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Roofing and insurance: what you need to know

If you have a business or a commercial property, it’s crucial that any contractor has the insurance required to cover any damage or accident, should it occur.
Government institutions, building management firms and major contractors may have whole departments that deal with insurance, but if you are a private builder or building owner looking at different roofing contractors, it’s important to know what constitutes proper coverage.

Job size doesn’t matter

The biggest misconception regarding insurance is that the size of the job dictates the amount of coverage you need. The fact of the matter is, whether you need a $2500 roof repair or a new $1 million dollar roof installed, you should be looking for the same insurance coverage from your contractor.
The purpose of commercial general liability insurance is to cover a contractor’s legal liability exposure against a third party for bodily injury and property damage, including business interruption, should something unfortunate happen, such as water or fire damage.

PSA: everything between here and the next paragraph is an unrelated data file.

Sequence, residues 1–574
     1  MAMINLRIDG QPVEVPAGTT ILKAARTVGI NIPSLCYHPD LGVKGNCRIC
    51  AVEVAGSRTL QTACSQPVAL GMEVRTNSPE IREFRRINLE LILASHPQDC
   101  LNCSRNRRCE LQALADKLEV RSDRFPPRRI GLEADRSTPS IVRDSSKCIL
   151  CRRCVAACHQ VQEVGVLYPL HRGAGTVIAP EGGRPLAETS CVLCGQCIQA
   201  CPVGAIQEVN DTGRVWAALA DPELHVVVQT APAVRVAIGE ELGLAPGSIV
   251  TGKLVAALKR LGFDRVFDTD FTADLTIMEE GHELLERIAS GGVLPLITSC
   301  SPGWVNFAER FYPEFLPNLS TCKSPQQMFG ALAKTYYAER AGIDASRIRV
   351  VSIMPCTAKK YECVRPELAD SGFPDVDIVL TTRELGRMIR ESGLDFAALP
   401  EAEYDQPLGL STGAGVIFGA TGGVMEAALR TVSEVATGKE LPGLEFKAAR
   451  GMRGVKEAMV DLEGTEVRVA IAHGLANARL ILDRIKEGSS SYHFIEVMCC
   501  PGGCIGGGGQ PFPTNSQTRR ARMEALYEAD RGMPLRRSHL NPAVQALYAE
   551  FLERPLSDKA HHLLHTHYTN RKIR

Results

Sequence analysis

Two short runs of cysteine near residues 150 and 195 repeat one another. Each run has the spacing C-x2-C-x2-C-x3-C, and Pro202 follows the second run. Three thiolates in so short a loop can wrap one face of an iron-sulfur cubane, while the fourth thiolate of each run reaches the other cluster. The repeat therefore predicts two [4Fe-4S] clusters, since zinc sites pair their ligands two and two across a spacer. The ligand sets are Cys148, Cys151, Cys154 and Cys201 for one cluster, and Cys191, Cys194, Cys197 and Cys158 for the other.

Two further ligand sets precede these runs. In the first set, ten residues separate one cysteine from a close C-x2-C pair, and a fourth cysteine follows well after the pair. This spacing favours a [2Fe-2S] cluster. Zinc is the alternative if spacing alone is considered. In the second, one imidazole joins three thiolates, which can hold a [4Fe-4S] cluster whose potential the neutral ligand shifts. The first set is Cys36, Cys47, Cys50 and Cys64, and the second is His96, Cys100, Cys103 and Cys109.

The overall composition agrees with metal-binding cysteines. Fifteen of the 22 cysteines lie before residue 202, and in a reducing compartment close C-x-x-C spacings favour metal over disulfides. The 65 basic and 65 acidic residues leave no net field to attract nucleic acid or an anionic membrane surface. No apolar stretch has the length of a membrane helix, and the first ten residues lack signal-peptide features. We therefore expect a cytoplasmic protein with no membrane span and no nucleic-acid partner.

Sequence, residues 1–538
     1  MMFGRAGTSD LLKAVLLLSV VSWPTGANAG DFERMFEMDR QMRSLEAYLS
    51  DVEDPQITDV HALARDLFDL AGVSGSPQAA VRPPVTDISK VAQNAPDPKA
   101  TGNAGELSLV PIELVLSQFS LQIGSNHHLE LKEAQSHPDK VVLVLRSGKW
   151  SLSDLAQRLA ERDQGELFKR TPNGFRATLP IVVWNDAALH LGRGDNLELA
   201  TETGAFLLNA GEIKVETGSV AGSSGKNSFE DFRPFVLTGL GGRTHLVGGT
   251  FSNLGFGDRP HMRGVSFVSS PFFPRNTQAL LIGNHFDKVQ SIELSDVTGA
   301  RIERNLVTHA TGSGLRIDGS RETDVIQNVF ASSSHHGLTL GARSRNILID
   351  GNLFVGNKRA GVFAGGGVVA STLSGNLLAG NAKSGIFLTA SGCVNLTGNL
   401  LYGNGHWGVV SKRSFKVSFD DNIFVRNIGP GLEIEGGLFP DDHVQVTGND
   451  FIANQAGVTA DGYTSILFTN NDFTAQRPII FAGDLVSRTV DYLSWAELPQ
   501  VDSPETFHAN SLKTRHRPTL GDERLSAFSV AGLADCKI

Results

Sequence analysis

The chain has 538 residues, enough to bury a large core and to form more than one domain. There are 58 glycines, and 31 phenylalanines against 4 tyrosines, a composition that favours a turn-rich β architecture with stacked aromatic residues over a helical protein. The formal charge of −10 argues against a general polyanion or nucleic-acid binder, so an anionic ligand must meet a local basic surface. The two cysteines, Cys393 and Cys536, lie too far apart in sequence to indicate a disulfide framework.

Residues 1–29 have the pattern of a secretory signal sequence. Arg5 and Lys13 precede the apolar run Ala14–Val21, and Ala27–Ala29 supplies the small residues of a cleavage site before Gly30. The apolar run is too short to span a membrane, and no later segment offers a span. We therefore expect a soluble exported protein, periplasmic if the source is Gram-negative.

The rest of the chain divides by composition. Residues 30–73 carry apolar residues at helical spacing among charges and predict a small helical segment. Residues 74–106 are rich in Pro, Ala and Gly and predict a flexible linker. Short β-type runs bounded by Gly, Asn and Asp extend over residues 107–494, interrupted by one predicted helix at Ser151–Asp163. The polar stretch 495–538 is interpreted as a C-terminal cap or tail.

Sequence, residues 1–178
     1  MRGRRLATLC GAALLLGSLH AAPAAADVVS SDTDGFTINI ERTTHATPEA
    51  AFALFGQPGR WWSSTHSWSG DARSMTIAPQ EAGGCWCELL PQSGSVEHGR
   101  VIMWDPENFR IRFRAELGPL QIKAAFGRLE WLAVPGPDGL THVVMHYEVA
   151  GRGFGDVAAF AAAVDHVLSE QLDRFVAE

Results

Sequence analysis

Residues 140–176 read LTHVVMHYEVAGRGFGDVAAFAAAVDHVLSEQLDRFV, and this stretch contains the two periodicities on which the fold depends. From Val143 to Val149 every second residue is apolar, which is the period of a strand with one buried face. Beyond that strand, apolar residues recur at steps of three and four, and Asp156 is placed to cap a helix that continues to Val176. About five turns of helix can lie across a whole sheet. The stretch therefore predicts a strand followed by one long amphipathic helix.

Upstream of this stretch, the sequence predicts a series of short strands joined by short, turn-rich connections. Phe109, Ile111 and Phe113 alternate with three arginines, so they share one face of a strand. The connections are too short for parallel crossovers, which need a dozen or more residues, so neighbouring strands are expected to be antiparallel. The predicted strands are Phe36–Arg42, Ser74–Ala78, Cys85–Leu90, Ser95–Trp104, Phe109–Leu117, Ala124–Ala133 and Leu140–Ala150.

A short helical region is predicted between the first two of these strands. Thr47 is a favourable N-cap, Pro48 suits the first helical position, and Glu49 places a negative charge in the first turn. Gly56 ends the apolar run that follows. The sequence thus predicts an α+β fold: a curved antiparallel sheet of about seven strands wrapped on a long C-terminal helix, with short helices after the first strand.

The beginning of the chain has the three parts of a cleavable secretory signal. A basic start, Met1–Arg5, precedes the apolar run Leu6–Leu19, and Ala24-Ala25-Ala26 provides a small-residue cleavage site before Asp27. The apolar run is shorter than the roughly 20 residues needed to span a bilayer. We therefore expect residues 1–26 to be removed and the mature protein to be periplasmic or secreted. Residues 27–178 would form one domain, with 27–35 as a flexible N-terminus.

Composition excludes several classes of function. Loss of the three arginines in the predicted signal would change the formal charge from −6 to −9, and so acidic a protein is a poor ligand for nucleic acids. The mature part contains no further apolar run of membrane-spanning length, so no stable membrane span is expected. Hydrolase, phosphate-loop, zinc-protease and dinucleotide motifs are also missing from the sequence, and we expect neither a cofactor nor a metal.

If you are making a small roof repair to your mall roof, the building catches fire and you can’t operate for 2 months, the size of the roofing job is irrelevant—what counts is liability coverage. A plumber with a torch could be a bigger risk to your building than an entire crew of roofers.
Be sure to ask for a certificate of insurance on any contract job. The certificate should be job-specific, identifying you as the additional insured. This means that you as the building owner are named on the certificate as being insured. The certificate should also show the amount of insurance and the type of work it covers, for example hot work (use of tar, torch-on, etc.). If your contractor can’t provide a certificate, you don’t want them on your site.

Know your insurance risks

With roofing, as with any trade, you need to know that the company you hire can cover the costs in case of damage or accident. The main risks you run with roofing are fire damage and water damage.